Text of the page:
In the last Blog, I talked about Ansel Adams and his contributions to photography. Over the next two weeks I’m going to be expanding on one of those contributions.
The Zone System (and exposing for it)
The zone system is the way he ensured that he could correctly develop the photo he had envisioned in his head when the shutter was pressed. by planning out the whole process and leaving room for correction of details, highlights and shadows latter in the lab. This would help him to latter dodge and burn images in the lab without loosing the details in his photos. In his words “Expose for shadow, develop for the highlights.”
This rule is important in film photography as when you are later developing a photograph, you will find that with any type of film, black and white, colour negative you will loose detail in the image when shadows are under exposed. However, you will not lose as much when overexposing film. This is because when scanning or enlarging film, an over exposed film can be exposed or scanned for longer to find the detail lost in an over exposed highlight, whereas for an under exposed shadow you often cannot expose it for shorter periods to gain that detail which has been lost.
Now colour positive film or slide film Is the opposite because opposite nature of this film, you will need to under expose or expose for the highlights to the keep detail.
Digital photography is the same as slide film in this respect, as when a photograph is overexposed there is no detail to recover as the data is simply not there. As to why this is though, when you take a digital image, the sensor in the camera is exposed to light for the time that the shutter is open. Each individual spot on the sensor then records the amount of light it receives during this time, filling up like a bucket, starting empty (true black) then filling until its full (true white) however once it is full the bucket can’t take any more and so wont record anymore. Because of this there is a maximum amount of light the sensor can take before it just sees white, but, until it is there will be a variance between the pixels around it, which we can use to extract more detail.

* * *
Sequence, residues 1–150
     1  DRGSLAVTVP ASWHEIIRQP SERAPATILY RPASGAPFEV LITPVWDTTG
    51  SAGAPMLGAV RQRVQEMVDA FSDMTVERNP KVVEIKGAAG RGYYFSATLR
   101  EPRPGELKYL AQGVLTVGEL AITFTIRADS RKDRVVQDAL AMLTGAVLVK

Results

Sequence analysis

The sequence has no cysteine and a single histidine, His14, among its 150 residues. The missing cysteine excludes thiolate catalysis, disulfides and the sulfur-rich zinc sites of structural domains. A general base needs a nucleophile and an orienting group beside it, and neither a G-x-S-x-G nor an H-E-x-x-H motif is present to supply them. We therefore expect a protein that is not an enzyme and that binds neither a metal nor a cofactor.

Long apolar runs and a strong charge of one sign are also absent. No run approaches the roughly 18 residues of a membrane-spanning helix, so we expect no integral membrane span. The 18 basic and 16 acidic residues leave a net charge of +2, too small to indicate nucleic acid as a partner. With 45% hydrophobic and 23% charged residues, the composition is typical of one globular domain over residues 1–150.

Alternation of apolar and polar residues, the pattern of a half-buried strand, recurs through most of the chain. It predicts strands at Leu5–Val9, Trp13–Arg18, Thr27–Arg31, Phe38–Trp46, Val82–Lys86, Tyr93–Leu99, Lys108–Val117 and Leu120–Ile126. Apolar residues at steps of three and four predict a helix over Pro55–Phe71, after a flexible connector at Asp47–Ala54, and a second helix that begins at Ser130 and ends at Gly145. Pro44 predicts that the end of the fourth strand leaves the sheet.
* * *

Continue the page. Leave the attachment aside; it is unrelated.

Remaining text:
So to ensure that you do not lose detail in you photos give yourself room to play with in a lab or in photoshop (or other program). When using slide film or digital cameras, expose for the highlights (p.s. this doesn’t mean the sun).
Now tune in next week for part 2 of this blog where we will dive into the zone system and using it and how this applies to photography and working all the way through to the final print.
(P.S. If you find this blog interesting and are keen on learning more about the techniques and thought processes of professional photographers but want to learn in a more hands on environment, PhotoCo offers courses for what ever level you are be it in a group or a one on one. Have a look here to find out more).